UN recognizes role of religion in protecting human rights
BEIRUT — Too often, religion is portrayed primarily as a divisive force in society. The abuse of power by segments of religious and political leadership, the fueling of prejudice and superstition, and violations of human dignity and honor, are highlighted in popular media and discourse.
"These distortions of religion undermine a powerful force that can help combat the very ills in society that are tearing it apart," explained Diane Ala'i, representative of the Baha'i International Community (BIC) to the UN in Geneva. "This is true especially because religion speaks to the highest aspirations of human beings and inspires them to act for the greater good in a way that few other things, if any, can.
"The challenge before us is to look at religion from a different angle and draw on those universal principles of love, of justice, of forgiveness, and of concern for our fellow human beings, all of which lie at the heart of religious belief," she continued.
Ms. Ala’i’s sentiments are shared widely among conscientious leaders and organizations, which have been in dialogue for years about how they can work together to combat ignorance, hatred, and prejudice.
A recent chapter in this unfolding dialogue took place in Beirut at the “Faith for Rights” meeting organized by the Office of the United Nations High Commissioner for Human Rights from 28–29 March.
In his opening remarks, Zeid Ra'ad Al-Hussein, UN High Commissioner for Human Rights, attributed the root cause of human rights violations to an absence of a deep sense of justice. To address this void, he explained, religion must play a pivotal role in upholding respect for the dignity and equality of all humankind.
In fact, in recent years, the UN has been appealing to religious communities to share in the responsibility of safeguarding human rights. "Religion and human rights are not in contradiction—quite the contrary," said Ms. Ala'i.
Speaking about the Faith for Rights meeting, she said, "There was this consensus about the need to show the unifying nature of religion—a force for peace, not for war; a force for unity, not for violence; a force for understanding, not for fanaticism."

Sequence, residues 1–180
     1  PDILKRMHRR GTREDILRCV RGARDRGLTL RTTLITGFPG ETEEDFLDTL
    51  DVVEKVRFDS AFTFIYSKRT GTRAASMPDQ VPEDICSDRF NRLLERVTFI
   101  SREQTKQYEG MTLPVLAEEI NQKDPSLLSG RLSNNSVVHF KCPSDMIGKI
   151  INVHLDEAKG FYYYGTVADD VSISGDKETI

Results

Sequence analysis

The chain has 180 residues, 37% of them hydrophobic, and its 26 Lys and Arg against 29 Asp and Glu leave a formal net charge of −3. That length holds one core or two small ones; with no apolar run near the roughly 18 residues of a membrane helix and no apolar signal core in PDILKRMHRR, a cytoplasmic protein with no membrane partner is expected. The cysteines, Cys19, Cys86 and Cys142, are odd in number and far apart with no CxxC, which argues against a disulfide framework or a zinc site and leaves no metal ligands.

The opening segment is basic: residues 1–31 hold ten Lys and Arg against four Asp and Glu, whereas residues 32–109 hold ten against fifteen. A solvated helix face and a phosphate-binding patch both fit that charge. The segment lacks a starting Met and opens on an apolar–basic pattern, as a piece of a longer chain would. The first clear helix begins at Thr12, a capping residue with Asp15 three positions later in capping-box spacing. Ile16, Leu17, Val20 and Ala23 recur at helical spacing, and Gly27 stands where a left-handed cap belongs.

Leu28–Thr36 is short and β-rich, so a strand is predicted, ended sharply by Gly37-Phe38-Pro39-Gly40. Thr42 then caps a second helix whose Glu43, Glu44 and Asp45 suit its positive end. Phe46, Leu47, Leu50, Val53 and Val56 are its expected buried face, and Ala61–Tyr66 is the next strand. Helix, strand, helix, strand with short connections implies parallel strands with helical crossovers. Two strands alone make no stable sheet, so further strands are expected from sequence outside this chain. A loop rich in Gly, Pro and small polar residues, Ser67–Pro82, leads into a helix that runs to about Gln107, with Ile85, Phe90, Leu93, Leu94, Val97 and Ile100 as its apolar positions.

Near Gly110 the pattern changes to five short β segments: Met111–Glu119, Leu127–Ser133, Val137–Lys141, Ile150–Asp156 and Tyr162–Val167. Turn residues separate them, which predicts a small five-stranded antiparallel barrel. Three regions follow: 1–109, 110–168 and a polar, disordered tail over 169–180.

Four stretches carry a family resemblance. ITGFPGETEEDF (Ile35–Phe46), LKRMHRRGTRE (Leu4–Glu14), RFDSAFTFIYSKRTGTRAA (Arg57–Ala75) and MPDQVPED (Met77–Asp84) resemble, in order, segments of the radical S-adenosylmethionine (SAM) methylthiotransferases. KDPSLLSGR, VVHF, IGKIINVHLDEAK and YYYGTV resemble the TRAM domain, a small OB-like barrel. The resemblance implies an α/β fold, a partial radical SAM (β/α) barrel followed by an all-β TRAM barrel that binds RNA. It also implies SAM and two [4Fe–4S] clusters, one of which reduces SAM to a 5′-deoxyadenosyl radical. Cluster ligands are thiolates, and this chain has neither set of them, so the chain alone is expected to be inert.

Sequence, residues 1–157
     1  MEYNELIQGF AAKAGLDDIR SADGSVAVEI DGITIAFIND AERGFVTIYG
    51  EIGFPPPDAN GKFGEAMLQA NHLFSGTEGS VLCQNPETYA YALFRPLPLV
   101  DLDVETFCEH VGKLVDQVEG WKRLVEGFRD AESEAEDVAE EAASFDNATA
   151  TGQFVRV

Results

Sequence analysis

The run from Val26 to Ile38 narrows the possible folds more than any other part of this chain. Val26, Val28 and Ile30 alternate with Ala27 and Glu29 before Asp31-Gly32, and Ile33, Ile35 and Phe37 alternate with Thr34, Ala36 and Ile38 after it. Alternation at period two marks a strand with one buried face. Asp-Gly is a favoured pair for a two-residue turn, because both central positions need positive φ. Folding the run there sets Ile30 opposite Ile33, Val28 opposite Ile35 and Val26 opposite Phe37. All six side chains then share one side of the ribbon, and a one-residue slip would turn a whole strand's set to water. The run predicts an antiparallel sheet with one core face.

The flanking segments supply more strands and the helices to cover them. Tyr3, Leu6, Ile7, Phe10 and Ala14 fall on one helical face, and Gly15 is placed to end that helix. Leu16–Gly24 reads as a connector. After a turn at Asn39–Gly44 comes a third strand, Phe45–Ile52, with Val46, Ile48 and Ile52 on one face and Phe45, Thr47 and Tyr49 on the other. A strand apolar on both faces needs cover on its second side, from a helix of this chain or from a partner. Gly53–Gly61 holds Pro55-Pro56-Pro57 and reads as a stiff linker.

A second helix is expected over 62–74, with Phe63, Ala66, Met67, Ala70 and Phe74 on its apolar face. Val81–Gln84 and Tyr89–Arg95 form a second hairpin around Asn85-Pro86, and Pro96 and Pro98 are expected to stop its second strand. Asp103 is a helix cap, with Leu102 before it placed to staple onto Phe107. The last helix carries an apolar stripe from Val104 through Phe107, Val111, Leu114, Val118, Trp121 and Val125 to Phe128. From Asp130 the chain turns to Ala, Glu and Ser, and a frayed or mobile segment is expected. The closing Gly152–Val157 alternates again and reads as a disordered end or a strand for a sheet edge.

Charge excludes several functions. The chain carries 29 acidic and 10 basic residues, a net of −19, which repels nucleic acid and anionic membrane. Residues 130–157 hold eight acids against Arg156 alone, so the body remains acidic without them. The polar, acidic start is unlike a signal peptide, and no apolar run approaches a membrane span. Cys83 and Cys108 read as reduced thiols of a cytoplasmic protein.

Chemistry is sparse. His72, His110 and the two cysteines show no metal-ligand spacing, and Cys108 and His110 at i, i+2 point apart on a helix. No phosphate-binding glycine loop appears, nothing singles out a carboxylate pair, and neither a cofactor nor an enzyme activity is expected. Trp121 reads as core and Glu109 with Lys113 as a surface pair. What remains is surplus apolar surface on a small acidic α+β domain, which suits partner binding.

Religious leaders and civil society actors, hailing from around the world, explored ways to cooperate in safeguarding human rights for all. The result was the preparation of two documents: the Beirut Declaration on "Faith for Rights" and 18 Commitments on "Faith for Rights."
A substantial number of those present came from the Middle East and represented a range of religious communities and faith-based organizations.
The 18 Commitments on "Faith for Rights" draw on many religious writings. The decision to choose 18 was an allusion to Article 18 of the Universal Declaration of Human Rights, which protects the right to freedom of thought and religion.
Among those sacred texts selected for the document is a passage quoted from 'Abdu'l-Baha during a talk in New York City in June 1912: "The essential purpose of the religion of God is to establish unity among mankind. The divine Manifestations were Founders of the means of fellowship and love. They did not come to create discord, strife and hatred in the world. The religion of God is the cause of love, but if it is made to be the source of enmity and bloodshed, surely its absence is preferable to its existence; for then it becomes satanic, detrimental and an obstacle to the human world." The passage is included in Article 9 of the 18 Commitments on "Faith for Rights." The entire talk can be found in The Promulgation of Universal Peace.
It is hoped that the Commitments and Declaration from the UN's "Faith for Rights" meeting in Beirut will be read and endorsed by government officials in an upcoming conference to be held in Rabat, Morocco.